Also known as:
- 3 hydroxyacyl-CoA dehydrogenase deficiency
- 3-alpha-hydroxyacyl-coenzyme A dehydrogenase deficiency
- HAD deficiency
- HADH deficiency
- HADHSC deficiency
- 3-hydroxyacyl-coenzyme A dehydrogenase deficiency
- M/SCHAD deficiency
- SCHAD deficiency
- Medium/short-chain hydroxyacyl-CoA dehydrogenase deficiency
Medium/short-chain acyl-CoA dehydrogenase deficiency (M/SCHAD) is a condition in which the body is unable to break down certain fats. M/SCHAD is considered a fatty acid oxidation condition because people affected with the condition are unable to change some of the fats they eat into energy the body needs to function. This can cause unused fatty acids to build up in the body. Most individuals who are identified as having M/SCHAD never experience symptoms, but some individuals experience serious health effects from M/SCHAD.
Your baby’s doctor may ask you if your baby is showing any of the signs of M/SCHAD (see Early Signs below). If your baby has certain signs, your baby’s doctor may suggest starting immediate treatment.
If your baby’s newborn screening result for medium/short-chain acyl-CoA dehydrogenase deficiency (M/SCHAD) was out of the normal range, your baby’s doctor or the state screening program will contact you to arrange for your child to have additional testing. It is important to remember that an out-of-range screening result does not necessarily mean that your child has the condition. An out-of-range result may occur because the initial blood sample was too small or the test was performed too early. However, as a few babies do have the condition, it is very important that you go to your follow-up appointment for a confirmatory test. Because the harmful effects of untreated M/SCHAD can occur soon after birth, follow-up testing must be completed as soon as possible to determine whether or not your baby has the condition.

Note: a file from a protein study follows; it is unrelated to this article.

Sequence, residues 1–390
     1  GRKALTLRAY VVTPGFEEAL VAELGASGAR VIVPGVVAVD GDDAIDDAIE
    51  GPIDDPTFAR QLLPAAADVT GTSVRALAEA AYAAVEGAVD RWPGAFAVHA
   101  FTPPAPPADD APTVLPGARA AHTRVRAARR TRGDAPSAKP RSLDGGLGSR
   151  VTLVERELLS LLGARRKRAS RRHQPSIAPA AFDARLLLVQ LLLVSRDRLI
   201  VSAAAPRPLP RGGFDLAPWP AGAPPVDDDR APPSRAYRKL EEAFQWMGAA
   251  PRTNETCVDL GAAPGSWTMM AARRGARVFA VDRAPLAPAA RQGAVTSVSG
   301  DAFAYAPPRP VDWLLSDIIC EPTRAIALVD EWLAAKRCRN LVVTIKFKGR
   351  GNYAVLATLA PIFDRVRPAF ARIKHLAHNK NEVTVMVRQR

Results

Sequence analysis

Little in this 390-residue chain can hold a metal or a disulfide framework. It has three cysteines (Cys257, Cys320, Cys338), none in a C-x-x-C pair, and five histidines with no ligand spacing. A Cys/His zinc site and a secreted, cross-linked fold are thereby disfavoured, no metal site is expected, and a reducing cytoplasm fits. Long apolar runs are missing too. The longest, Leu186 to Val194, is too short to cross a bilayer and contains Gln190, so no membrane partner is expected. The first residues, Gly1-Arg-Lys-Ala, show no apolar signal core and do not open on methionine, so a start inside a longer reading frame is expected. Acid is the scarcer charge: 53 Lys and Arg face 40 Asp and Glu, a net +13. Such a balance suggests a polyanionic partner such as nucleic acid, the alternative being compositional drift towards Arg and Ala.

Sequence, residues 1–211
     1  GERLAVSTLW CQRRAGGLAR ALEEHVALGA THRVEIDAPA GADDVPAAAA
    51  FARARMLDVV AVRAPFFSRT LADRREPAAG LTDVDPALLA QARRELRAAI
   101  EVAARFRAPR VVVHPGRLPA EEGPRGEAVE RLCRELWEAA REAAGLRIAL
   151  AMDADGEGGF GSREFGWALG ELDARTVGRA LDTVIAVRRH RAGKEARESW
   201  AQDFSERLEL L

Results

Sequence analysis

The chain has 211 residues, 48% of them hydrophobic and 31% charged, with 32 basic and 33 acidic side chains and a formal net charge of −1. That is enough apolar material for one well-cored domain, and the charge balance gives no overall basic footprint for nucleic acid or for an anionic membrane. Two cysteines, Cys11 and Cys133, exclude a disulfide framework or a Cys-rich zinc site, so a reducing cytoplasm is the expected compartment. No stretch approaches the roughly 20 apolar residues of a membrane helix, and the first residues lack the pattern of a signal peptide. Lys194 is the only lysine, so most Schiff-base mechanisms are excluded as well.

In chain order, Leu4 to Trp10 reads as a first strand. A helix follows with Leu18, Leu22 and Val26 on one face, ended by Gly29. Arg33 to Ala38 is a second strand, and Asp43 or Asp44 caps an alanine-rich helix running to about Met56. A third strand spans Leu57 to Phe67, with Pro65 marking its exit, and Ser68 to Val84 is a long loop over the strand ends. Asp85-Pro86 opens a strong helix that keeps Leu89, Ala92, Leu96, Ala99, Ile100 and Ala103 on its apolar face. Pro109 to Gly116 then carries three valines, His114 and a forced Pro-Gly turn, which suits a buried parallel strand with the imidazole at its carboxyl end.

Follow-up testing will involve checking your baby’s urine and blood samples for harmful amounts of acids and toxins. Certain acids and toxins build up in the body when a child has a fatty acid oxidation condition, so measuring the amounts of these substances in your baby’s body can help doctors determine if your baby has a condition. High levels of C4-hydrocy acylcarnitine in the blood and hydroxyl-dicarboxylic acids in the urine might indicate that your baby has M/SCHAD. Sometimes follow-up testing may also include testing a very small sample of skin.
About Medium/short-chain L-3 hydroxyacyl-CoA dehydrogenase deficiency
Signs of medium/short-chain L-3 hydroxyacyl-CoA dehydrogenase deficiency (M/SCHAD) usually begin during infancy or early childhood. These signs are highly variable from person to person. Your baby may have many of them or none at all.
Signs of M/SCHAD include:
- Sleeping longer or more often
- Behavior changes
- Poor appetite
- Low blood sugar (called hypoglycemia)
- Trouble breathing
- Weak muscle tone (known as hypotonia)
- Seizures (Epilepsy)
Many of these signs may occur when your baby eats foods that his or her body cannot break down. They can be triggered by long periods of time without eating, illnesses, and infections.
If your baby shows any of these signs, be sure to contact your baby’s doctor immediately.
Your baby may need to be on a restricted diet in order to avoid foods that contain fats his or her body cannot break down. A dietician or nutritionist can help you plan a healthy diet for your baby.
Eating often can also help your baby avoid many of the signs mentioned in the Early Signs section.
Supplements and Medications
Some children with medium/short-chain L-3 hydroxyacyl-CoA dehydrogenase deficiency (M/SCHAD) take prescription L-carnitine supplements. L-carnitine is a substance naturally made by the body, but your baby’s body might not make enough. Taking L-carnitine supplements can help the body break down fat for energy and remove harmful substances. Your baby’s doctor will need to write a prescription for these supplements.
M/SCHAD can cause dangerously high insulin levels in some children. If your baby has levels of insulin that are too high, your baby’s doctor may prescribe medications to help your baby’s body regulate insulin levels.
If medium/short-chain L-3-hydroxyacyl-CoA dehydrogenase (M/SCHAD) is treated early, children may have healthy growth and development. This is why newborn screening is so important.